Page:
Wednesday, January 4, 2017
PAGA Claim Is Not Subject to Arbitration Clause—C.A.
By a MetNews Staff Writer
An employer cannot compel arbitration of a representative claim under the Private Attorney General Act, the Fourth District Court of Appeal has held.
Justice Douglas Miller of Div. Two wrote the opinion which was filed Dec. 7 and certified for publication which was filed Dec. 7 and certified for publication yesterday.
In May 2014, Martina Hernandez, a former employee of Ross Stores, Inc., filed a PAGA complaint against Ross on behalf of herself and all former and current nonexempt hourly employees, alleging numerous Labor Code violations.
As Hernandez signed an arbitration agreement upon her employment, Ross filed a motion to compel arbitration pursuant to the Federal Arbitration Act (FAA) and California Arbitration Act (CAA) in April 2015. The trial court denied the motion.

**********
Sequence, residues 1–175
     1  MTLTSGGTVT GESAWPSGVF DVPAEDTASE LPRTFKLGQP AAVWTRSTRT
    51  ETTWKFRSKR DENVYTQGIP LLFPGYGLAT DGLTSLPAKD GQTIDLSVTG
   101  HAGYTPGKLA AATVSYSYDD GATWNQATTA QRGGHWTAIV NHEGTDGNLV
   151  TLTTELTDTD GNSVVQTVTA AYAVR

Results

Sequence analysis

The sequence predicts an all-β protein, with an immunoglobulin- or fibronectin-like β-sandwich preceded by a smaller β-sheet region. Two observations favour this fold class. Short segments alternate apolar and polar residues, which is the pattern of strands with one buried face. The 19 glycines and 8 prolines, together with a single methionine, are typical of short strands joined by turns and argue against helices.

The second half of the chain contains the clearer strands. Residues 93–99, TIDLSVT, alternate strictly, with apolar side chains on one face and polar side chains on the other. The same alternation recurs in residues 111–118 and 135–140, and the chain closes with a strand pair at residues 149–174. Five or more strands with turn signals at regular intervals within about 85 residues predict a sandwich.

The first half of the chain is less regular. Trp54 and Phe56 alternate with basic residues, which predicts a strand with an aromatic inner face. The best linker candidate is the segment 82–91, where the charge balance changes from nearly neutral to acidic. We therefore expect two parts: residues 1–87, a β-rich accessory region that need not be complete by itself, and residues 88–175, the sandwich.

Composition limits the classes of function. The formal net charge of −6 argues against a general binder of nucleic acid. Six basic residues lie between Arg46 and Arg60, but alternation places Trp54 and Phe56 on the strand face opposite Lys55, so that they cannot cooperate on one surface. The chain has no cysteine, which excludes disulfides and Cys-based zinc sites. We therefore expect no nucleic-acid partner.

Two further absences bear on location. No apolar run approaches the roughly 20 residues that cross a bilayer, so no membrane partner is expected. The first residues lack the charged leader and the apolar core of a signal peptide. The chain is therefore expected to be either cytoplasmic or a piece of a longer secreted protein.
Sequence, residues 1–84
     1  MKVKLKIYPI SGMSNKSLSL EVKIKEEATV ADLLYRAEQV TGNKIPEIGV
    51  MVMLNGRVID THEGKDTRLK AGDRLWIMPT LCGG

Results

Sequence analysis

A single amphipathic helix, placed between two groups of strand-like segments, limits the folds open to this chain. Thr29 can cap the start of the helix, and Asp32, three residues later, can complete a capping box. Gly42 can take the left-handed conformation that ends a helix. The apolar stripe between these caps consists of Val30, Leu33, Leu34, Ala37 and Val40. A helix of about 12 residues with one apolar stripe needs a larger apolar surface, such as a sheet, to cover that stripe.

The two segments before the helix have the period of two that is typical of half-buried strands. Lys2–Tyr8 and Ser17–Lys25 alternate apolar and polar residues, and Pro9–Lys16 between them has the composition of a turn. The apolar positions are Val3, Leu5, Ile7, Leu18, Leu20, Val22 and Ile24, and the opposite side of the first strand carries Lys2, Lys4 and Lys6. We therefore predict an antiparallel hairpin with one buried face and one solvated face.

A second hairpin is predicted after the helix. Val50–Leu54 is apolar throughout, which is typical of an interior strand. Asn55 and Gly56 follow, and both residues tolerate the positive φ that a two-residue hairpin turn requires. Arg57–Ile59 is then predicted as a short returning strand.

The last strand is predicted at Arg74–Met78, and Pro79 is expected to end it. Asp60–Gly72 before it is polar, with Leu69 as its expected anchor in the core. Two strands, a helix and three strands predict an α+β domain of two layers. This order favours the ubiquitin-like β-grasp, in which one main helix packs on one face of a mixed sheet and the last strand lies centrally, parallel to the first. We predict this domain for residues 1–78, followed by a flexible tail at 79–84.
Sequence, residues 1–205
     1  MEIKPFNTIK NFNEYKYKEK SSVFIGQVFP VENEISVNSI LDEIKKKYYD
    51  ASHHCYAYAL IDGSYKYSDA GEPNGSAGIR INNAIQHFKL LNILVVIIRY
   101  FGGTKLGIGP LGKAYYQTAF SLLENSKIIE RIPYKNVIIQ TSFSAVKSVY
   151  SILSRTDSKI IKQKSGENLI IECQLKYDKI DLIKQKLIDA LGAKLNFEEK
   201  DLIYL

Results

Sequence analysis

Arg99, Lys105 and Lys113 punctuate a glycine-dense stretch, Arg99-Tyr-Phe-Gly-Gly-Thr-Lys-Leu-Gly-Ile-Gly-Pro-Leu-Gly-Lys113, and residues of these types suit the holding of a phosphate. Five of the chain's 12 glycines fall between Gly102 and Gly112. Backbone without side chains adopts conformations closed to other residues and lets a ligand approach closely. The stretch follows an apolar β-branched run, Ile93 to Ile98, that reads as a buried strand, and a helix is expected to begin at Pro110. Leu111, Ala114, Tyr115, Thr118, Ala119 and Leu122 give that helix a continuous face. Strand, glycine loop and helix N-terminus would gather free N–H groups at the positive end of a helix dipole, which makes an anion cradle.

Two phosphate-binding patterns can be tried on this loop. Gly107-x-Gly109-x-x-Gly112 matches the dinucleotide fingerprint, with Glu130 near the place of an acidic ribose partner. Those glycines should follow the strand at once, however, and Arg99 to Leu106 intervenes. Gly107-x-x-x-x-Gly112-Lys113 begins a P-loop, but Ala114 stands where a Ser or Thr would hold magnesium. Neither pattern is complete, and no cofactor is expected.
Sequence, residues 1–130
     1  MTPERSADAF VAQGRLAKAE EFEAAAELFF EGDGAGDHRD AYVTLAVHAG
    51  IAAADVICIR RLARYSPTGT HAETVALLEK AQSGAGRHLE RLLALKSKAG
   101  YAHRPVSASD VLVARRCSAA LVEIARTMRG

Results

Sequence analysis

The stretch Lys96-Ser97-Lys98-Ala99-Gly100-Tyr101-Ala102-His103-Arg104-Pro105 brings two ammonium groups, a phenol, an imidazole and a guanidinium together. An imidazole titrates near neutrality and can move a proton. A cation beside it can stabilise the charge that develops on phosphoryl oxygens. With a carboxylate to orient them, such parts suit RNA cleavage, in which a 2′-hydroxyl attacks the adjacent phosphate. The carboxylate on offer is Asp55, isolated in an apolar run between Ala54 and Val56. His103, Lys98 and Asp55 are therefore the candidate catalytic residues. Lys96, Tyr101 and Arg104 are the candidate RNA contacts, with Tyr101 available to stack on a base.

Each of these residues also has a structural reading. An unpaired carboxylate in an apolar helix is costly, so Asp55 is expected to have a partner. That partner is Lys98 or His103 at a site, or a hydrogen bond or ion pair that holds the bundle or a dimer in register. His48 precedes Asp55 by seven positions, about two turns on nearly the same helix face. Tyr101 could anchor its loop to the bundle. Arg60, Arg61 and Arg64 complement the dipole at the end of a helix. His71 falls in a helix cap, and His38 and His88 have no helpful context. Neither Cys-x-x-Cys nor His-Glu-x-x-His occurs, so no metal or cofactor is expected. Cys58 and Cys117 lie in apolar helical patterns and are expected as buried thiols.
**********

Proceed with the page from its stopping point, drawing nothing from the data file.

In announcing an affirmance, Miller said:
“[T]he dispute between Ross and Hernandez is not a dispute between the employer and employee. Rather, this is a representative action and Hernandez is acting on behalf of the state. This dispute does not involve an individual claim by Hernandez regarding the Labor Code violations but rather an action brought for civil penalties under PAGA for violating the Labor Code. There are no “disputes” between the employer and employee as stated in the arbitration policy. The trial court properly determined it had no authority to order arbitration of the PAGA claim.”
The case is Hernandez v. Ross Stores, Inc., E064026.
Neal J. Fialkow and James S. Cahill of the Law Offices of Neal J. Fialkow represented Hernandez. David B. Simpson and Gregory D. Wolflick of Wolflick & Simpson were attorneys for Ross.
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